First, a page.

## On Pseudorandomness with respect to Deterministic Observers (2000)

Venue: | ICALP Satellite Workshops |

Citations: | 3 - 1 self |

### BibTeX

@INPROCEEDINGS{Goldreich00onpseudorandomness,

author = {Oded Goldreich and Rehovot Israel and Avi Wigderson},

title = {On Pseudorandomness with respect to Deterministic Observers},

booktitle = {ICALP Satellite Workshops},

year = {2000},

pages = {77--84}

}

### OpenURL

### Abstract

In the theory of pseudorandomness, potential (uniform) observers are modeled as probabilistic polynomial-time machines. In fact many of the central results in that theory are proven via probabilistic polynomial-time reductions. In this paper we show that analogous deterministic reductions are unlikely to hold. We conclude that randomness of the observer is essential to the theory of pseudorandomness. What we actually prove is that the hypotheses of two central theorems (in the theory of pseudorandomness) hold unconditionally when stated with respect to deterministic polynomialtime algorithms. Thus, if these theorems were true for deterministic observers, then their conclusions would hold unconditionally, which we consider unlikely. For example, it would imply (unconditionally) that any unary language in BPP is in P. The results are proven using diagonalization and pairwise independent sample spaces.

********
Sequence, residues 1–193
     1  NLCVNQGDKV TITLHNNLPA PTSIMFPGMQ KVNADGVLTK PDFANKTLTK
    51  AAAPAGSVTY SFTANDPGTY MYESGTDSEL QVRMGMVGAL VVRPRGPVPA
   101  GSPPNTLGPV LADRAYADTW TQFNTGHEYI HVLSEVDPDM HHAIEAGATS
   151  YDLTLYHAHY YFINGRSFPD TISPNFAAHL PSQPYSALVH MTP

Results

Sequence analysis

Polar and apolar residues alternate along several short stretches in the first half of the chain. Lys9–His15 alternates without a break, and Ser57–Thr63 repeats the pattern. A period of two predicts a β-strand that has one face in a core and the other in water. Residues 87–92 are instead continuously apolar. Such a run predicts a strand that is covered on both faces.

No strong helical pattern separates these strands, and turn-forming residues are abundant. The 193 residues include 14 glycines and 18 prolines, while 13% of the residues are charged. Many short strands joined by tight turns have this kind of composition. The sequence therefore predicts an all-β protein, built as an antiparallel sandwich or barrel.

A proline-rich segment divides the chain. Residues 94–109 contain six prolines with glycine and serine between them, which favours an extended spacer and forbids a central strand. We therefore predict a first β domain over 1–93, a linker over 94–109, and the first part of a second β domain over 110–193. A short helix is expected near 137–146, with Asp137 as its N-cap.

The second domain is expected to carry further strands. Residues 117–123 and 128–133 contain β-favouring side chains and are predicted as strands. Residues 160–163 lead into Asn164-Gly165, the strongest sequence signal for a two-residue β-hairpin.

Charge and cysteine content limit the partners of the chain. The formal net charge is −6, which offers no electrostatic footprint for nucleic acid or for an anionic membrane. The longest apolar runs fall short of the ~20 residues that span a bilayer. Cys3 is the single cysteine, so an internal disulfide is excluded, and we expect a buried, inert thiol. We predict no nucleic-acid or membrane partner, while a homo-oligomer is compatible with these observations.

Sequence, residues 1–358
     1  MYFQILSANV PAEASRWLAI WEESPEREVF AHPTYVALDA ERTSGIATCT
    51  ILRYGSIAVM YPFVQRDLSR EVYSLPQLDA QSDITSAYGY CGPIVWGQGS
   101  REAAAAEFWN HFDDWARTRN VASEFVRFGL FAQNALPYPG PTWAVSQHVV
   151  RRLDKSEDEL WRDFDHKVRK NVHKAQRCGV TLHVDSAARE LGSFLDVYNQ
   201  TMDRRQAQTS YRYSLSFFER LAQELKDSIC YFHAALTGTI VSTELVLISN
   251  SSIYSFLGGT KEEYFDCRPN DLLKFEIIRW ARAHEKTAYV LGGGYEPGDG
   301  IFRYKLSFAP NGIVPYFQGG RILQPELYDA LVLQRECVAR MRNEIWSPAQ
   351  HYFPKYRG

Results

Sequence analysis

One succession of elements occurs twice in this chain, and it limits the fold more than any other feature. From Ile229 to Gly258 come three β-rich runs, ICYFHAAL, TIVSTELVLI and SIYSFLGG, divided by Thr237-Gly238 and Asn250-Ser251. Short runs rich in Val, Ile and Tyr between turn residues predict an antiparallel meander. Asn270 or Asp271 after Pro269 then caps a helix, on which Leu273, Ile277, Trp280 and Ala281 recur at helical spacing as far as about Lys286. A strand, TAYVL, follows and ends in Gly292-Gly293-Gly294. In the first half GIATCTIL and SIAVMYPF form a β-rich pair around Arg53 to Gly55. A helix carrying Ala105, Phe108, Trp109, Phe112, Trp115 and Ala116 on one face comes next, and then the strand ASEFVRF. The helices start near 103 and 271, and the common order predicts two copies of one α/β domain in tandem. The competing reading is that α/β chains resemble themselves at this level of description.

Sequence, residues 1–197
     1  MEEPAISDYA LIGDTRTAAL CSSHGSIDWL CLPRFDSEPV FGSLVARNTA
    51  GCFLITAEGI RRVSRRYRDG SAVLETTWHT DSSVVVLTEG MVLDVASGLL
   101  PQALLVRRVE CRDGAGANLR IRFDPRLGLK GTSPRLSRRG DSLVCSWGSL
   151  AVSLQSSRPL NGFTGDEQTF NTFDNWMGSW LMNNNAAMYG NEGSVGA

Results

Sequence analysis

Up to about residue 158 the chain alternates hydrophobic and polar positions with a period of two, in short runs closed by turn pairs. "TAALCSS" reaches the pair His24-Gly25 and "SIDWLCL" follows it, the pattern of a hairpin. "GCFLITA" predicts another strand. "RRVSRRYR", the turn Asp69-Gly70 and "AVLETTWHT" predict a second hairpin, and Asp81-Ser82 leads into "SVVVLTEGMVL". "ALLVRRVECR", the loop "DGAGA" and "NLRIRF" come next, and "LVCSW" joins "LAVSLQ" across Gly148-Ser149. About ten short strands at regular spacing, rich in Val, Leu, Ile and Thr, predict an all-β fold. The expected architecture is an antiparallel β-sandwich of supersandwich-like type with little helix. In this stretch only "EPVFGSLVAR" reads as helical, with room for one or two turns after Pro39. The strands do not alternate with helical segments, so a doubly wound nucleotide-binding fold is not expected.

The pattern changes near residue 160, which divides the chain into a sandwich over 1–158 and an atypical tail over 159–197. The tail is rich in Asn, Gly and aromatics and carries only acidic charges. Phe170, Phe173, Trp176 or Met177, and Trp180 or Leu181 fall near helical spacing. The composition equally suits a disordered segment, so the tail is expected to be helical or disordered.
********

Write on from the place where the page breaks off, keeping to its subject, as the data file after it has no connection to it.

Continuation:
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Citation Context ...Languages, Diagonalization, Pairwise Independent Sample Spaces. Supported by MINERVA Foundation, Germany. 0 Introduction The theory of pseudorandomness, initiated by Blum, Goldwasser, Micali, and Yao =-=[6, 2, 12]-=-, is one of the fundamental achievements of complexity theory. The pivot of this approach is the suggestion to view objects as equal if they cannot be told apart by any efficient procedure (i.e., poly... |

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Citation Context ...lows. We will select u from a small sample space of pairwise-independent N-bit sequences. We use the fact that there exists such sample spaces of size N 2 that can be constructed in poly(N)-time (see =-=[3]-=-). Going over all elements of the sample space, we may check whether each element u satisfies Eq. (1), for each of the m machines, within poly(N)-time. 7 Thus, it is only left to show that a pairwise-... |

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Citation Context ...r infinitely many n's PrimePar(n) = 1 (resp., PrimePar(n) = 0). Deciding membership in the set f1 n : PrimePar(n)g is Cook-reducible to testing primality, and thus the former set is in ZPP ` BPP (see =-=[1, 5, 10, 11]-=-). On the other hand, we know of no other way of deciding membership in the former set. 5 Here and below, the machine trying to fail the simulator is given 1 n as input and is required to generate an ... |

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